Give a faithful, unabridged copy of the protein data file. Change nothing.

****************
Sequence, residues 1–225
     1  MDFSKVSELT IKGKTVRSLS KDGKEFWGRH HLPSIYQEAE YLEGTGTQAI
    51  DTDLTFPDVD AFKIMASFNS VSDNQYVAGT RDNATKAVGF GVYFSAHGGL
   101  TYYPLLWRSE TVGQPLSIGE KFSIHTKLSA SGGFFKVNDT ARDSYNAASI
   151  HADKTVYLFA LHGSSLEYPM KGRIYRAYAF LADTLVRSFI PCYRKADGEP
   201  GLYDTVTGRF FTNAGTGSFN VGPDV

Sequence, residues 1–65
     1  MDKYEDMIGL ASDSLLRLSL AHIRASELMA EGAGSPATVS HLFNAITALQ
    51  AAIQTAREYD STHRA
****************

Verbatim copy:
Sequence, residues 1–225
     1  MDFSKVSELT IKGKTVRSLS KDGKEFWGRH HLPSIYQEAE YLEGTGTQAI
    51  DTDLTFPDVD AFKIMASFNS VSDNQYVAGT RDNATKAVGF GVYFSAHGGL
   101  TYYPLLWRSE TVGQPLSIGE KFSIHTKLSA SGGFFKVNDT ARDSYNAASI
   151  HADKTVYLFA LHGSSLEYPM KGRIYRAYAF LADTLVRSFI PCYRKADGEP
   201  GLYDTVTGRF FTNAGTGSFN VGPDV

Sequence, residues 1–65
     1  MDKYEDMIGL ASDSLLRLSL AHIRASELMA EGAGSPATVS HLFNAITALQ
    51  AAIQTAREYD STHRA